Remember the Uber drivers’ lawsuit in Kenya? Well, now Uber is seeking to activate the arbitration clause within the drivers’ contracts.
In 2016, a group of 34 drivers filed a lawsuit against Uber Kenya. The drivers claimed that Uber—in reducing ride fares from $0.54 per kilometre to $0.3—had breached the terms of their contract, and made it impossible for them to profit from their work.
Uber Kenya had previously reduced the fares in order to address the fierce competition it was facing from other ride-hailing platforms in Kenya.
In response to the lawsuit, Uber Kenya claimed that it didn’t enter a contract with the drivers. It however stated that Uber BV, a private LLC and a different corporate body, was the company the drivers had contracted with, and as such was not liable for the charges. In other words, “Don’t sue us, sue the other Uber guys.”
Last October, a Kenyan High Court struck out Uber’s defence, lifted the corporate veil, and stated that while they were separate entities, there was an undeniable link between them.
The corporate veil is a term used to describe the distinction between a person, and the business(es) they register. That is, a company can be accused of fraud under the founder’s guidance, but the founder itself would not be guilty of fraud. Arbitration clauses are terms in a contract that instruct that all [or certain] disputes arising from that contract be settled outside of the court.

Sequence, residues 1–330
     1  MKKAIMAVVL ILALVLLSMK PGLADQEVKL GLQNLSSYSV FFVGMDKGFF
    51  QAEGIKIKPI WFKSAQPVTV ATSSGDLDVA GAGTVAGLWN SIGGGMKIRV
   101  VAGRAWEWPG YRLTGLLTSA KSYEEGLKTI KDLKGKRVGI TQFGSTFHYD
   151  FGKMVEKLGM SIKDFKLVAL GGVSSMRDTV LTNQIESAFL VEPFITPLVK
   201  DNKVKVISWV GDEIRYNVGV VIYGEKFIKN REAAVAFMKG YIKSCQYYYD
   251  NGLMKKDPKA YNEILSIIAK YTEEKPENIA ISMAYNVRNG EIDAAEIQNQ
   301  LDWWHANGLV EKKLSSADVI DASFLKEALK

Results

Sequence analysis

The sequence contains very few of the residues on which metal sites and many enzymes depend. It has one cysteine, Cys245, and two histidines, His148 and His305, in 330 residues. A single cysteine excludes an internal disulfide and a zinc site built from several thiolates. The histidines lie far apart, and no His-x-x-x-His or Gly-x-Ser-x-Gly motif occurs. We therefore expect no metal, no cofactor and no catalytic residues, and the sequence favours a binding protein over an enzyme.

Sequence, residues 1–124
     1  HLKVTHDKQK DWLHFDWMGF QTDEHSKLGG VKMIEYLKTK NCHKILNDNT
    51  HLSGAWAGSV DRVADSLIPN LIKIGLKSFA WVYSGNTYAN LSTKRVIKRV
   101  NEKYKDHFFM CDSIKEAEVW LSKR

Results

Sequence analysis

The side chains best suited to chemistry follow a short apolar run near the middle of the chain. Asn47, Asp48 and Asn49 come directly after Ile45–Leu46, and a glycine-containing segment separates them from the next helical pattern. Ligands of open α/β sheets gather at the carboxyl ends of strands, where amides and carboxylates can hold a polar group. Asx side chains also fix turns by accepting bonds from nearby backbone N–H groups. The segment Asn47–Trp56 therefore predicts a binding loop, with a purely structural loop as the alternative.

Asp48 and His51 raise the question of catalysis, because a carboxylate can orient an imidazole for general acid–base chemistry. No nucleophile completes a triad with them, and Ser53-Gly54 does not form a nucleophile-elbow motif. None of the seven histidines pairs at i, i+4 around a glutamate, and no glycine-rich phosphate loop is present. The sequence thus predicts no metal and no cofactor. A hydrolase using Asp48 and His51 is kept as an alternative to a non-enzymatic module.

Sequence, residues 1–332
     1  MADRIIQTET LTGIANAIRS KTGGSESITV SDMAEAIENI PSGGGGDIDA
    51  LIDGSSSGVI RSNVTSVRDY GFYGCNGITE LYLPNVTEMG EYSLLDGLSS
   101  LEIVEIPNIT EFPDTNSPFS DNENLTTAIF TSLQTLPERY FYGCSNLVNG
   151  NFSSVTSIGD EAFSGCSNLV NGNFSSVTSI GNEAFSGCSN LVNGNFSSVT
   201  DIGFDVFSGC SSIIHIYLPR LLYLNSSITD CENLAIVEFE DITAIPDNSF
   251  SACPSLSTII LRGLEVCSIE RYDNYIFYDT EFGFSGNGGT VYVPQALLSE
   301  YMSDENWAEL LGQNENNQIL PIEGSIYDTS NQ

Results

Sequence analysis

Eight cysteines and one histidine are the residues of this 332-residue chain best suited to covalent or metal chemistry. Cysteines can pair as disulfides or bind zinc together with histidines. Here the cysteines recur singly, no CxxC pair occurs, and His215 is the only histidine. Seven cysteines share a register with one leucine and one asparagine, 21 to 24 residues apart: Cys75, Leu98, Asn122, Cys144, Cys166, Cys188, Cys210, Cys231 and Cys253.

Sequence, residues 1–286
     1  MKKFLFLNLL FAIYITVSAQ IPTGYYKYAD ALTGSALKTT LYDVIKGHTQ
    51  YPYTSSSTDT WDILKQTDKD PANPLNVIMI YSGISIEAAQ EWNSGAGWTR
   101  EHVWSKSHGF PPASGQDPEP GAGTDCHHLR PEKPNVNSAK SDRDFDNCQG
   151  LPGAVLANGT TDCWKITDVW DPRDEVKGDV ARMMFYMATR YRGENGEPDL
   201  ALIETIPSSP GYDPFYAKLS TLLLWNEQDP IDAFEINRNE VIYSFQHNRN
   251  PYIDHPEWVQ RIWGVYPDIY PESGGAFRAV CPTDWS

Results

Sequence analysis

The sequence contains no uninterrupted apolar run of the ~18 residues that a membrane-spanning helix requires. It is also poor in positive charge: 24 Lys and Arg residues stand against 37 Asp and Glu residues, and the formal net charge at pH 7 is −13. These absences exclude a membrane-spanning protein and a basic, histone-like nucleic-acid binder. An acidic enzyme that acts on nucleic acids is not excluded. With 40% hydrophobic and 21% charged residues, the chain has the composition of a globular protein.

Now Uber Kenya is asking the court to honour the terms within the drivers’ contract which calls for arbitration, not litigation, as a dispute resolution mechanism.
Kasigo Khaole, Head of Central Operations at Uber South Africa noted, “I am advised by the 2nd defendant’s (Uber B.V.) Advocate on record, which advice I verily believe to be true, that there are no justifiable reasons to warrant a departure from the terms of the agreements.”
It’s been almost 6 years since the lawsuit started and the drivers aren’t closer to a reprieve. Arbitration notably has a shorter timeframe than litigation, but it does come with its own demerits, one of which is the absence of a court ruling that can then be applied as precedence. Basically, Uber can keep reducing fares at their drivers’ peril, and the drivers can sue because of the arbitration clause, at least not until Kenya enacts a law that regulates the sector.